- Act II
In a suburban mall, Billy, angry at being jilted by Josh, seeks the company of other kids ("It's Time"). He meets Josh's mother: today is Josh's birthday and the party would have been at the mall. Billy reassures her that Josh is coming home, which only makes Mrs. Baskin more aware of how fast Billy, and all the children have grown up ("Stop Time"). The mall turns surreal, and becomes the scene of the birthday Josh is missing ("The Night-Mare"). Josh wakes up in Susan's office. They have been up all night trying, unsuccessfully, to invent a toy. They try thinking as children instead of adults- Susan can't remember how she felt as a 13-year-old, but under Josh's prodding the memory returns ("Dancing All The Time"). The moment fills with emotion, Susan moves to Josh. The scene freezes. Young Josh appears to sing a duet with Big Josh about his inner feelings. ("I Want To Know").
The next morning, Josh barrels into the office as a new man ("Coffee Black"). His secretary, Miss Watson, is bowled over. Not only does Josh feel like an actual grown-up, but during the night, he has thought up a Christmas toy. The executives help him develop it for MacMillan. Billy returns with the list of carnivals, having located the Zoltar machine. Josh is, however, full of himself and does not want to return to his former size. Billy accuses Josh of betraying himself, but at that moment Susan appears and kisses Josh. Billy finally understands why he has been dismissed, and leaves. Susan invites Josh to a dinner party with her friends, and Josh excitedly exclaims that he is going to a real "grown-up dinner party with Susan's grown-up friends".
The party is a disaster ("The Real Thing"). Josh humiliates himself and realizes how far he is from being an adult. Susan takes this moment to tell Josh her true feelings for him ("One Special Man"), feelings that Josh is too young to return. (In the tour and rental versions, this is replaced by a reprise of "The Real Thing.") Josh tells Susan the truth: that he is really a 13-year-old boy. Susan, seeing only a grown man, assumes this is some kind of elaborate brush-off. It breaks her heart to have been wrong about another man. For the first time, Josh understands that being a grownup is more than just being big. It is being responsible - in this case, for someone who you care for and who cares for you in return. Josh realizes that everything you say and do carries a certain weight that a kid can't imagine when you're a grown up ("When You're Big"). He returns to his neighborhood, and watches boys and go through the first nervous motions of pairing-off events appropriate to being thirteen ("Skateboard Ballet"). Josh finds Billy and tells him he wants to go home.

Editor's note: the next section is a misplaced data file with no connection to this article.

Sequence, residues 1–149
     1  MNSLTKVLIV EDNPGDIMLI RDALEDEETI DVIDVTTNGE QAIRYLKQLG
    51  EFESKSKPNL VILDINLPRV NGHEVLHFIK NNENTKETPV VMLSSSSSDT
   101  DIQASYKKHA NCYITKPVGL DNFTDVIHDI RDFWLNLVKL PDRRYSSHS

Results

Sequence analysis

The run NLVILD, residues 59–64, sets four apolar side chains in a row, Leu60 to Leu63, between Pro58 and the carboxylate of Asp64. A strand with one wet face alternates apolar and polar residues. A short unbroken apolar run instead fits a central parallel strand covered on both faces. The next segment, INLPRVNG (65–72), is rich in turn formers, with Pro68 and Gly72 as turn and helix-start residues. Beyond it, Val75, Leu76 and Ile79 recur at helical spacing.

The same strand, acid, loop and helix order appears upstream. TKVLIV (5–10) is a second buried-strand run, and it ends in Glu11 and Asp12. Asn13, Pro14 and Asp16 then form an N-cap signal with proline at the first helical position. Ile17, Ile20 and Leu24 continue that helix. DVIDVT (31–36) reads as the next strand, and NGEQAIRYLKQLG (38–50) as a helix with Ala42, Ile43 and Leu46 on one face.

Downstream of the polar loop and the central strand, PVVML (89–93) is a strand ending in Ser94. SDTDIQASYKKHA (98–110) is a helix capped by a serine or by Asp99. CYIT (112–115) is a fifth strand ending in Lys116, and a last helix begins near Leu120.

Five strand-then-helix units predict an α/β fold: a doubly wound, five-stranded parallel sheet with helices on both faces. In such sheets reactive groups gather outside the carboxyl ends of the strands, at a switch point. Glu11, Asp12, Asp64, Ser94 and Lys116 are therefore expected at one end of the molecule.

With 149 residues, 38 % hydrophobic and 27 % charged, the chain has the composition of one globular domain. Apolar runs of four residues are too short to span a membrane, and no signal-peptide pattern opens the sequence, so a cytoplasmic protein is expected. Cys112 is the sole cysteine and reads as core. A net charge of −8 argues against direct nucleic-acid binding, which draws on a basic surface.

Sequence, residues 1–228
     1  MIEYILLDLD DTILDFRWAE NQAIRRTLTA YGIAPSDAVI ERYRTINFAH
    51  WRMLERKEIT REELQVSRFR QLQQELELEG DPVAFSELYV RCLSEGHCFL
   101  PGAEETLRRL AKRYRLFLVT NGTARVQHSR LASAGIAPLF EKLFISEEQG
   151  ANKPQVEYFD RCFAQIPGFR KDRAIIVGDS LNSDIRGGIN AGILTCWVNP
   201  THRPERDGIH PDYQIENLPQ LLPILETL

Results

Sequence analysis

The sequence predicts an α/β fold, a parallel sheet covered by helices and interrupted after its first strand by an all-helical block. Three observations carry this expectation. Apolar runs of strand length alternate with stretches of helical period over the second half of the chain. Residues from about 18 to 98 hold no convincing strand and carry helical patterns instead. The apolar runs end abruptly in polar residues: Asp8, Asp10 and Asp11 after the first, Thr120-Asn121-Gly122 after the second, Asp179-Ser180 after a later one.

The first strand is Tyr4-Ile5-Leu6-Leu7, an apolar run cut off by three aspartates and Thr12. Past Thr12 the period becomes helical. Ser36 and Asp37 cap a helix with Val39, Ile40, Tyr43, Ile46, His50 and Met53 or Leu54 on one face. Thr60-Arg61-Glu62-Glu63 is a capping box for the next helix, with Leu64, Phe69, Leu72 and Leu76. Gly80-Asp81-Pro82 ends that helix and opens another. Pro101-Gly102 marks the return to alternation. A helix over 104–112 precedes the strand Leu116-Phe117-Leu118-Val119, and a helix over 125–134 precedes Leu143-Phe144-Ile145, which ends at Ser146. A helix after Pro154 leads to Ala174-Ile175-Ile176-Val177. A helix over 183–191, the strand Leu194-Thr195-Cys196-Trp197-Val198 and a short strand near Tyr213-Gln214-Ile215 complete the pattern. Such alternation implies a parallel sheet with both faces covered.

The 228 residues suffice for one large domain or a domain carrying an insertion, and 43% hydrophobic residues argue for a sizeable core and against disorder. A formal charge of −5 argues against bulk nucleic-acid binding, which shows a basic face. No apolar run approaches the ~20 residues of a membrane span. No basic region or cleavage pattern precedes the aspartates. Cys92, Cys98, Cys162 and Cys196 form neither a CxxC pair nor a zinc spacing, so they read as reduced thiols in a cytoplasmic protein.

Billy has found a Zoltar in a warehouse filled with discarded remnants of amusement parks. Josh asks Susan to meet him there- Before he can make his wish and leave the grown up world for the time being, he must say goodbye to make sure Susan understands. Arriving, Susan finally accepts the magic of what has happened to Josh. She tells Josh how he changed her life ("I Want To Go Home/Stars, Stars, Stars (reprise)") and, understanding that it's the only way, tells Josh to make his wish. As he does, Mrs. Baskin enters with Billy. Josh returns to being small, and as he and his mother embrace, the curtain closes with Billy examining the Zoltar machine. (In the touring and rental versions, the Finale number is "We're Gonna Be Fine")
Scene One: The Neighborhood, New Jersey
Scene Two: The Baskin Home
Scene Three: Port Authority Bus Terminal
Scene Four: F.A.O. Schwarz
Scene Five: The Offices of MacMillan Toys
Scene Six: Josh's Loft
Scene Seven: A New York Restaurant
Scene One: The Mall
Scene Two: Susan's Office
Scene Three: The Offices of MacMillan Toys
Scene Four: An Eastside Apartment
Scene Five: The Roof Terrace
Scene Six: The Neighborhood
Scene Seven: A Warehouse
- Note; There is also another recording not released to the public, only available with a licensee to the show, that contains all the songs in the script. Many songs on the Original Recording did not make the Final show but are on the CD, as well many songs from the show after the Detroit tryout were also not put on the CD.
Big is scored for keyboards, bass, guitar, drums, percussion, five woodwind players, trumpets, horns, trombones and a string quartet.
Characters and original Broadway cast
- Josh Baskin – Daniel H. Jenkins
- Susan – Crista Moore
- Billy – Brett Tebisel
- Cynthia Benson – Lizzy Mack
- Mrs. Baskin – Barbara Walsh
- Mr. Baskin – John Sloman
- Young Josh – Patrick Levis
- MacMillan – Jon Cypher
- Paul – Gene Weygandt
Awards and nominations
- Best Book of a Musical–John Weidman (nominee)
- Best Actress in a Musical–Crista Moore (nominee)
- Best Featured Actor in a Musical–Brett Tabisel (nominee)
- Best Choreography–Susan Stroman (nominee)
- Outstanding Musical
- Outstanding Book
- Outstanding Actor in a Musical–Daniel H. Jenkins (nominee)
- Outstanding Actress in a Musical–Crista Moore (nominee)
- Outstanding Featured Actor in a Musical–Brett Tabisel (nominee)
- Outstanding Lyrics
- Outstanding Music
- Outstanding Choreography
- Outstanding Set Design of a Musical
- Outstanding Orchestrations
- Brett Tabisel (winner)
- Internet Broadway Database listing ibdb.com
- Klein, Alvin. "Theater Review:The Good News: 'Big' Is Back" New York Times, August 20, 2000
- Hughes, David-Edward."Big Changes For Seattle's Big Premiere Tonight at the Paramount" playbill.com, February 17, 1998
- MTI Shows history
- IBDB Entry on Big: The Musical
- NODANW listing
- Big: the musical at the Music Theatre International website
- NewYork Times interview with Mike Ockrent, April 21, 1996